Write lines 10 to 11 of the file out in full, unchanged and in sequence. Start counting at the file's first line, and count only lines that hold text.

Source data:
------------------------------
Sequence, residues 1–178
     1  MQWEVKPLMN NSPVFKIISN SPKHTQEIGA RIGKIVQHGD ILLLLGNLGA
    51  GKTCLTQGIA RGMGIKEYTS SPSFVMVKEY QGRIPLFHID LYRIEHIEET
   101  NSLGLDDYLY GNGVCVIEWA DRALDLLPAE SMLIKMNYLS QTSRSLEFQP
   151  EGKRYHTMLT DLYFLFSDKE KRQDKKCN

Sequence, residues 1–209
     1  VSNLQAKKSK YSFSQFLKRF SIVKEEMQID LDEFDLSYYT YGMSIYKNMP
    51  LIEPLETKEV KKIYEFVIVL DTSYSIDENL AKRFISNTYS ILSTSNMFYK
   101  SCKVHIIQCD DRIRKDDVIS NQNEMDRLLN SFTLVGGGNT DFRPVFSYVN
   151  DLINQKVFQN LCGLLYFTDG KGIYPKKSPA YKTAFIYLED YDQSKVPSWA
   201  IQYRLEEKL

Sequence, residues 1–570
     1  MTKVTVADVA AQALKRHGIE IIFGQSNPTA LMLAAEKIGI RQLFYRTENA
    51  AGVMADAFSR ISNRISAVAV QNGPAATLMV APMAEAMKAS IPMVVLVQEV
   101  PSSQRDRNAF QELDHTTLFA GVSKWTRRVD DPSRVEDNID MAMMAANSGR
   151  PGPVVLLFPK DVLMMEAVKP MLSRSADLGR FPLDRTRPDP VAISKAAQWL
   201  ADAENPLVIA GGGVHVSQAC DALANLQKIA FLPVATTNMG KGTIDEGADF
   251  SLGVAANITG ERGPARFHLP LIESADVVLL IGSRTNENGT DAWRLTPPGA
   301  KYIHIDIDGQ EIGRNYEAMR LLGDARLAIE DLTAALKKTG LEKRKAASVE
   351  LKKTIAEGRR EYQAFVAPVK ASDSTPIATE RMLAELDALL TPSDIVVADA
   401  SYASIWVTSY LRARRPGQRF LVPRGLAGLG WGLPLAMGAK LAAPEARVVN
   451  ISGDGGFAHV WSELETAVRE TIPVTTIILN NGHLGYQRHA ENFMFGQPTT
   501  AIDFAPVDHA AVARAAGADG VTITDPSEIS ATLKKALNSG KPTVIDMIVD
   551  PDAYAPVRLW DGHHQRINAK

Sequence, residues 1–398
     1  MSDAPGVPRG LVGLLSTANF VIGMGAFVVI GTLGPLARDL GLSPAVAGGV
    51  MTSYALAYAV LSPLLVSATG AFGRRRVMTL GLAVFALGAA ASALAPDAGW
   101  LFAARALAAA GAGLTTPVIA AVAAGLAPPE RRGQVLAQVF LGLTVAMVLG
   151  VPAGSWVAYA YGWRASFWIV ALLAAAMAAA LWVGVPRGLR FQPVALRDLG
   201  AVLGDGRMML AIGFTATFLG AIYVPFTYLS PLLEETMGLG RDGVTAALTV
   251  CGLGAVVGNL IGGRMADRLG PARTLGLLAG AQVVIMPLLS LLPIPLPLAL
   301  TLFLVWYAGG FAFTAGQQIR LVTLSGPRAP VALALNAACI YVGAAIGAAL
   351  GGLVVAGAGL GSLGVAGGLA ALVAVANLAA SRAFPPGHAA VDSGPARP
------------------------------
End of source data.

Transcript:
   151  DLINQKVFQN LCGLLYFTDG KGIYPKKSPA YKTAFIYLED YDQSKVPSWA
   201  IQYRLEEKL